5 Grants Your Veteran-Owned Small Business Or Startup Could Get In 2021
Many veterans that have spent their lives protecting our nation and our freedom also own and operate small businesses. According to a Small Business Administration study, there are 2.4 million veteran-owned businesses in the U.S. These veteran business owners continue to give back to the nation by providing jobs to 5.8 million employees.
Like any other small business owners, veterans face financial hardships on the path to entrepreneurship. Emergency expenses, cash flow shortages, and expansion are just a few situations where a business might need extra capital. Veteran-owned businesses may face even more financial challenges – for example, if a reservist that also owns a small business is suddenly deployed, money, time, and resources may become scarce quickly. While your incoming revenue should cover most of your expenses in theory, there will always be times when the current cash flow situation just isn’t enough.
If you’re a veteran who runs your own business and are facing a financial challenge, there are options available to you. One of the best options? Grants for veteran-owned businesses. With a veteran business grant, you can receive money to fund startup costs, pay for the research and development of new products, or support your established business. Best of all, grants don’t have to be repaid.
This is essentially free money for veterans.
What’s the catch? Obtaining a business grant is difficult for many business owners. You may not know where to even begin to find these grants for veterans, and once you find them, the application process can be confusing. You may also find the competition extremely stiff. Not only do you have to be a veteran to qualify for these grants, but you may also have to meet additional requirements, including the location of your business, the industry you’re in, and your time in business.
Veteran business grants are available through the federal government, nonprofit organizations, and even corporations.
However, just because it’s difficult to receive one of these grants for veterans doesn’t mean it’s impossible. The first step is to understand what grants are available to you, learn the requirements, and move through the application process. In this article, we’ll explore the best grant options available to veterans, how to find your own grants, and other financial options available for your business.
Ready to move one step closer to getting the business funding you need? Let’s get started!
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- Submission dates: Watch the website for announcements.
- Entry requirements: Open to active duty members of armed forces who are at least 21 years old own at least 51% of the business, or qualifying spouse, child, or immediate family member.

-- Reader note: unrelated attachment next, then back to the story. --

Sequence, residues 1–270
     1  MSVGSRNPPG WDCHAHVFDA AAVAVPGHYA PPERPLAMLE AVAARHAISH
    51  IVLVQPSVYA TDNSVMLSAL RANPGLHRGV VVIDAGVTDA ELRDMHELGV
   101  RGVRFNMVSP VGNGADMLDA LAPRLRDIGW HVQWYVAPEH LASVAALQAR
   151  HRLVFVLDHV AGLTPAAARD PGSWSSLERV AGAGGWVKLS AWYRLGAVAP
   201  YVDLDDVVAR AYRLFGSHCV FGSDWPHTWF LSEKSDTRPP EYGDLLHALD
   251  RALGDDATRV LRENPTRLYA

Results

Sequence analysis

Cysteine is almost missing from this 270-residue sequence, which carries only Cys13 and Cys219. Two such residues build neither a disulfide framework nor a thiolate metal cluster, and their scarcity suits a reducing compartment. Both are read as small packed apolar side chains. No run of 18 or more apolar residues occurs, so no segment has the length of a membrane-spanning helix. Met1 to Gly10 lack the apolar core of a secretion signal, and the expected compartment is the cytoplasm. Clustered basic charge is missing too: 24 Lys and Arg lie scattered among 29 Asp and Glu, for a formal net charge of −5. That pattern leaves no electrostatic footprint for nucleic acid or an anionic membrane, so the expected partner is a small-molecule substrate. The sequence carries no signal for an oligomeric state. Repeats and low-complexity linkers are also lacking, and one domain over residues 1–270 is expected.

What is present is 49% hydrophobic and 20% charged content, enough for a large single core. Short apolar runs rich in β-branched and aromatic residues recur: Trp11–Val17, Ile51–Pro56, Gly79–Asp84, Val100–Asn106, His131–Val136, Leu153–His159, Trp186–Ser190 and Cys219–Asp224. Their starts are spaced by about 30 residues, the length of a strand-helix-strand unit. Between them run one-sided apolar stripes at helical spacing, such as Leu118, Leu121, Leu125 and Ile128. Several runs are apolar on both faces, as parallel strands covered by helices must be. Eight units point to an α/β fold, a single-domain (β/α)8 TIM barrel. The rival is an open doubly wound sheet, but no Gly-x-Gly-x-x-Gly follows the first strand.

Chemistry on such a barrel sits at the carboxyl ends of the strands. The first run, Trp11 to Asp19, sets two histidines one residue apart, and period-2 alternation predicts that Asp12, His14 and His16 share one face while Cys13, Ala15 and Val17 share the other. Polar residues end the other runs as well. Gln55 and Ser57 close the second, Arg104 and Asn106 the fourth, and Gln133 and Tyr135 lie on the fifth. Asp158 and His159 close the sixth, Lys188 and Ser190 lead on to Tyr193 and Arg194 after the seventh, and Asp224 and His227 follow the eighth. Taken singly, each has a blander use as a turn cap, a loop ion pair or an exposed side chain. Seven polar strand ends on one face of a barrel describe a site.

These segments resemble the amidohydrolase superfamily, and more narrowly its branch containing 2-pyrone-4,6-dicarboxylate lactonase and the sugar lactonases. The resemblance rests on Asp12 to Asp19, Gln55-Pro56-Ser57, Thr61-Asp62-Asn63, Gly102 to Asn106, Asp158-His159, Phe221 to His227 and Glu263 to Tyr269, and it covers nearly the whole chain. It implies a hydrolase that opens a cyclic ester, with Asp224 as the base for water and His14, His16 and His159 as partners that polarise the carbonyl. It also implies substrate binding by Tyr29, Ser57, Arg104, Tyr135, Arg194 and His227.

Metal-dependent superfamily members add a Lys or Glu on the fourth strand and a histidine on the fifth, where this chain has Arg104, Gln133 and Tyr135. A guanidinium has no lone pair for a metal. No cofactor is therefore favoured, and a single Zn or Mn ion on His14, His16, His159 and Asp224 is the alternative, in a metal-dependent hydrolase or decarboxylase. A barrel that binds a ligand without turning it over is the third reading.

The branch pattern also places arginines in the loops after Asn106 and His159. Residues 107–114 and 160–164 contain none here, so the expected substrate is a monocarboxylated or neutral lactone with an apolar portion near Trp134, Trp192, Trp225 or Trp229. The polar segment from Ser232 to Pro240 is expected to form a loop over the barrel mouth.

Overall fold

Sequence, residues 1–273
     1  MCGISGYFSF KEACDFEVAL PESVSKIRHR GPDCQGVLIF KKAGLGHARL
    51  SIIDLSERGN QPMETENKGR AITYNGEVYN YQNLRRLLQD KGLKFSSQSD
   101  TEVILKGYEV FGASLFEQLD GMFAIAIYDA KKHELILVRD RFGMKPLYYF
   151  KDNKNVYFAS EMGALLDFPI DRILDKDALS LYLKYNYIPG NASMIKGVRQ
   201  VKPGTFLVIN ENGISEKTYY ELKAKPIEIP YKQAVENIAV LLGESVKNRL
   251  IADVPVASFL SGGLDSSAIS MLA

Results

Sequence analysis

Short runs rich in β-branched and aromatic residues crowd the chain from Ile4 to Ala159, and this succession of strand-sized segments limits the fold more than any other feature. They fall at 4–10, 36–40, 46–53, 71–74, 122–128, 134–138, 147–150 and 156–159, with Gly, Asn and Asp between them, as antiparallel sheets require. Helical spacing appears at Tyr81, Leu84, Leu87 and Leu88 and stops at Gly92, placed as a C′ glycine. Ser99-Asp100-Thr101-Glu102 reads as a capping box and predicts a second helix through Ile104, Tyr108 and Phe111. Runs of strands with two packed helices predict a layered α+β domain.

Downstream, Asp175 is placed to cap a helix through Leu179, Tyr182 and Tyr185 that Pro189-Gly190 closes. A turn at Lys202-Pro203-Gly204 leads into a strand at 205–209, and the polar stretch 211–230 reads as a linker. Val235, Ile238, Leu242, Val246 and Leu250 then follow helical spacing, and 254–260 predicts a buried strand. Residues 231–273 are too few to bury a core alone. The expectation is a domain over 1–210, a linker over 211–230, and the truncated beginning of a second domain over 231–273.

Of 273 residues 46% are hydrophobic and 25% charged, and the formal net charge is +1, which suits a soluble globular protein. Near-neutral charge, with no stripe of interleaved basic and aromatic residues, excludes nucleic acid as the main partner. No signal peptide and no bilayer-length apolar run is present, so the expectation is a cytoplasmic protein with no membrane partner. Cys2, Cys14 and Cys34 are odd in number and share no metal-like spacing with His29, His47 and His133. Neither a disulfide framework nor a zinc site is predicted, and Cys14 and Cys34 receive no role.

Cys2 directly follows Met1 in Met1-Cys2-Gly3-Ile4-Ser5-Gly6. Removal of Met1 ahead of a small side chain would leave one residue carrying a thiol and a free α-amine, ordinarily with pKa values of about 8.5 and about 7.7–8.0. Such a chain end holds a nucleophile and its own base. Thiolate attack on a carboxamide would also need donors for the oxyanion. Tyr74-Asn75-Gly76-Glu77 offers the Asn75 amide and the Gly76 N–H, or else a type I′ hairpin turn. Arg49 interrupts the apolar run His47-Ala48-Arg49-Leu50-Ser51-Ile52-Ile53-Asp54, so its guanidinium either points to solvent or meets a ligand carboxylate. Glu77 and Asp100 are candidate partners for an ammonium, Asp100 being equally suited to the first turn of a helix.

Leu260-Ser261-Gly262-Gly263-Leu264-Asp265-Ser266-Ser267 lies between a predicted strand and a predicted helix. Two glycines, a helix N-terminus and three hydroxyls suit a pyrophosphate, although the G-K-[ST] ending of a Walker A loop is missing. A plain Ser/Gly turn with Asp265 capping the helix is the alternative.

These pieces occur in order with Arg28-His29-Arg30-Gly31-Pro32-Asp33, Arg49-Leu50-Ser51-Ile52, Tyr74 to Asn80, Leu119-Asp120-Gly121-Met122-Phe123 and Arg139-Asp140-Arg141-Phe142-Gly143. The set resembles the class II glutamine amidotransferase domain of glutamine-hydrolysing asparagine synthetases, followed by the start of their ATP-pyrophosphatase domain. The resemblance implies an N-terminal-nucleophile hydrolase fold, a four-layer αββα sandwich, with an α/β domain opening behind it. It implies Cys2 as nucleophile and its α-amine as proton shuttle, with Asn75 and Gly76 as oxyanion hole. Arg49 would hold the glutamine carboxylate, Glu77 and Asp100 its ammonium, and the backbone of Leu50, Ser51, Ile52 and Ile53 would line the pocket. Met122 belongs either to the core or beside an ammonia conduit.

- Website: streetsharesfoundation.org/the-veteran-small-business-award
As of 2019, the StreetShares Foundation awards grants to three winners. First place receives $15,000, second place receives $6,000, and third place wins $4,000. To be eligible for the grant, all applicants must view educational content through StreetShares. Once qualifying content has been downloaded or viewed, the application is available. Applicants must write a summary of their business and submit a video. The Foundation will choose up to 10 finalists whose businesses will be presented to the public and put to a vote to determine the winners.
2. National Association For The Self-Employed Growth Grants
- Submission dates: Applications are reviewed quarterly.
- Entry requirements: You must be a member of NASE ($99 fee for veterans)
- Website: nase.org/become-a-member/member-benefits/business-resources/growth-grants
For businesses with smaller capital needs, the National Association for the Self-Employed Growth Grant provides small grants up to $4,000. Like other grants, the funds must be used for a specific purpose, such as purchasing equipment or hiring new employees. Applications are reviewed quarterly and awards up to $4,000 are distributed monthly. To qualify, you must submit an application outlining your business need and providing details of how you will use the grant to fund this need.
3. FedEx Small Business Grant Program
- Submission dates: Entry period begins in February
- Entry requirements: Must be for-profit and U.S.-based with fewer than 99 employees. Must have been in business for at least 6 months.
- Website: www.fedex.com/en-us/small-business/grant-contest.htmlnase.org/become-a-member/member-benefits/business-resources/growth-grants